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Kitchener Memorial, Marwick Head (image: Graham Brown)

We visited the beautiful St Magnus Cathedral in Kirkwall and the small but packed and fascinating Orkney Wireless Museum. We discovered more about neolithic times at the amazing Ness of Brodgar dig where pre-history is being re-written, and we looked at the memorial wall bearing the names of 737 men lost with HMS Hampshire in 1916, unveiled last year next to the Kitchener Memorial.

And we took the family of three who stayed with us to experience West Mainland Show in Dounby, not far from where we live, the second biggest agricultural show in the county. It is a great social occasion.

Having visitors is a good way of making you look up – both literally and figuratively – to appreciate what you have. One day we drove to our house from Stromness, a nine-mile journey I take when I return from the RSPB office. “Graham, this is a wonderful commute,” said my friend as we drove through the countryside and past Stenness Loch. He is right.

Other recent highlights for Kathie and me, though not with our visitors, include the Stromness Lifeboat 150th anniversary event and the HMS Tern open day.

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Stromness Lifeboat, Longhope Lifeboat Museum vessel, Longhope Lifeboat and Thurso Lifeboat in Stromness Harbour (image: Graham Brown)

Living so close to the sea really makes me appreciate the sterling work done by lifeboat crews, and those in their on-shore back-up teams, and all voluntarily. Orkney is big on charity fund-raising and, as you might imagine, the RNLI (Royal National Lifeboat Institution) is one of the top priorities.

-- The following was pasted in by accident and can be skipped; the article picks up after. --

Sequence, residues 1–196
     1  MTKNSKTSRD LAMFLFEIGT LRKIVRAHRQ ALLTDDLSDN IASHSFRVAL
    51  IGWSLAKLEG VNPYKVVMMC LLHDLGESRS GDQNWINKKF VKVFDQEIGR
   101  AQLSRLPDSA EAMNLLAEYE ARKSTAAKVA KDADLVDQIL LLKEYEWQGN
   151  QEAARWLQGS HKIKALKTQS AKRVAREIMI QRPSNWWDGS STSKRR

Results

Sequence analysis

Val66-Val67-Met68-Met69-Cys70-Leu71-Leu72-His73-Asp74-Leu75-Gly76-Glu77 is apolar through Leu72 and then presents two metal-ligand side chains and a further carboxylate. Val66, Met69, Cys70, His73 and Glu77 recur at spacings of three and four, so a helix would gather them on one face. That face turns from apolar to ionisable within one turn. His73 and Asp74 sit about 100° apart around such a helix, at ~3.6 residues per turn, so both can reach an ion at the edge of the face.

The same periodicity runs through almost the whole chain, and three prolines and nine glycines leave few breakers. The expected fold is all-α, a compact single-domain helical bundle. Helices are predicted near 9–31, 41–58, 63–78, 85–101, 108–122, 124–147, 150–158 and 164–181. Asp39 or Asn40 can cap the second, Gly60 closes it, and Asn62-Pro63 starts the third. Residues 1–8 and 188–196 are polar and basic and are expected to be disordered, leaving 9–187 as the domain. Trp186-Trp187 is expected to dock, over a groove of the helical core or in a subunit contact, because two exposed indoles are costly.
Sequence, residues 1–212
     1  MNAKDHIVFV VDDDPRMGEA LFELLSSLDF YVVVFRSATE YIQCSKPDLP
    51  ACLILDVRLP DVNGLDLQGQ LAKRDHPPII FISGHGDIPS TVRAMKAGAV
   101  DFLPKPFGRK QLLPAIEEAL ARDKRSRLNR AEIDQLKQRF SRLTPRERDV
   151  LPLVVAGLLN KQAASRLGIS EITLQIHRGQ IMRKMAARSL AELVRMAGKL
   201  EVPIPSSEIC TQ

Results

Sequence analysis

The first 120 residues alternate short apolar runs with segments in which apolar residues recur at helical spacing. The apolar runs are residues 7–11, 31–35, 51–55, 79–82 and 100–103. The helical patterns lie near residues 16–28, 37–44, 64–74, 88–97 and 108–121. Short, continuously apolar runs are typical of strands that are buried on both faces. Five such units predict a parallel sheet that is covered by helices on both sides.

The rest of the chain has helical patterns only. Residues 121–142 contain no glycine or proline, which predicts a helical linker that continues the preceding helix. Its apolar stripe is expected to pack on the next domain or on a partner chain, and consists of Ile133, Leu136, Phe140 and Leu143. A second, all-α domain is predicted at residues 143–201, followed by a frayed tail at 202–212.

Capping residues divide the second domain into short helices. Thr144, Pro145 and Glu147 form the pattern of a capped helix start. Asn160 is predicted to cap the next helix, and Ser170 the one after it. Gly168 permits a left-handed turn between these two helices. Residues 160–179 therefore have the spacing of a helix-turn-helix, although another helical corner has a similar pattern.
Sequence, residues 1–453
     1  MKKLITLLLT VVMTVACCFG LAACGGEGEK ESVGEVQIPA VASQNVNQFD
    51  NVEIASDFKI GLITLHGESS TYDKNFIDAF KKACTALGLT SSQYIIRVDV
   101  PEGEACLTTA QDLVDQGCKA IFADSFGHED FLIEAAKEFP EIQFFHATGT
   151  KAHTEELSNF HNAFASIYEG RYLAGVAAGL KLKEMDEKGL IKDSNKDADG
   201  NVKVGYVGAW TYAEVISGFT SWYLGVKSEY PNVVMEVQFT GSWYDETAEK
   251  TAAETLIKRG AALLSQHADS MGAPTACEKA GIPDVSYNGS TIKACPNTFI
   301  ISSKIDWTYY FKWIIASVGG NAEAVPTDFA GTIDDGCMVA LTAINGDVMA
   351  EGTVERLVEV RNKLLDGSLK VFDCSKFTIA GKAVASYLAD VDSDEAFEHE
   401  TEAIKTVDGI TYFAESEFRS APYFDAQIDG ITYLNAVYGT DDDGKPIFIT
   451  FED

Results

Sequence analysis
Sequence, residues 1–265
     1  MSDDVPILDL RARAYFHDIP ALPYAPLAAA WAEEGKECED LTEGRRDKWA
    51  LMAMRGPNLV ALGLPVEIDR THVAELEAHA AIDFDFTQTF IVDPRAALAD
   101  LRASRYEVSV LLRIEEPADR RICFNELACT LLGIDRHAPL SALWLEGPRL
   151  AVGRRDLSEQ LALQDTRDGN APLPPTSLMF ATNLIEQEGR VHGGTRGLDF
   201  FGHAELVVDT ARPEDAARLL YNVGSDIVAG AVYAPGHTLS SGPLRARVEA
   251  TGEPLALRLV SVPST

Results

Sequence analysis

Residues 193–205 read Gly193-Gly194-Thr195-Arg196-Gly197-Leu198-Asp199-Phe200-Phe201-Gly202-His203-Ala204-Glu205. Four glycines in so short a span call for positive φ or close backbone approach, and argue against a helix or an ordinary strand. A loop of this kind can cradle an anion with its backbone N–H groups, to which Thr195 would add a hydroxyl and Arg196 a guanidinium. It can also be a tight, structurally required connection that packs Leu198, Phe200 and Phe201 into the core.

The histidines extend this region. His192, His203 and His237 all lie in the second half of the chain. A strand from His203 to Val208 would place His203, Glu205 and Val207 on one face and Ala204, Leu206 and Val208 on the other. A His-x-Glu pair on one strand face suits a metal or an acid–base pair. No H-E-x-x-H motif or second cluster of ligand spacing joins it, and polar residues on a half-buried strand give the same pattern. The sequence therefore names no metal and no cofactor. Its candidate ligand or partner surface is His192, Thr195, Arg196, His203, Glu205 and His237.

Orkney has three lifeboats – Stromness, Kirkwall and Longhope, Hoy. In 2019, no doubt, there will be moving commemorative events to mark the 50th anniversary of the Longhope lifeboat disaster when the TGB capsized and all eight crew were lost.

At the Stromness event four lifeboats were on display – Stromness, Thurso (from across the Pentland Firth in mainland Scotland), Longhope (current) and the vessel from Longhope Lifeboat Museum.

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Control tower at HMS Tern airfield (image: Graham Brown)

HMS Tern is a former Second World War airbase, also known as RNAS (Royal Naval Air Station) Twatt, which is only a couple of miles from our house. Tours of the site are available and some of the remaining buildings are being restored. This will include, in time, the control tower. The open day was a chance to see progress and, of course, another social occasion to meet friends.

Meanwhile Kathie remains busy with her music: teaching piano, taking guitar lessons, writing, and recording both her own music and guests in her Starling Recording Studio.

Otherwise we try to do our bit, volunteering for the RSPB (as well as my paid part-time office work) and as Managers, or committee members, for our village community centre, Quoyloo Old School.

Events at the Old School include a monthly quiz to which all are welcome. The next ones are 20 October and 24 November. And we have Harvest Home on 11 November.

Coming up, I have a new challenge.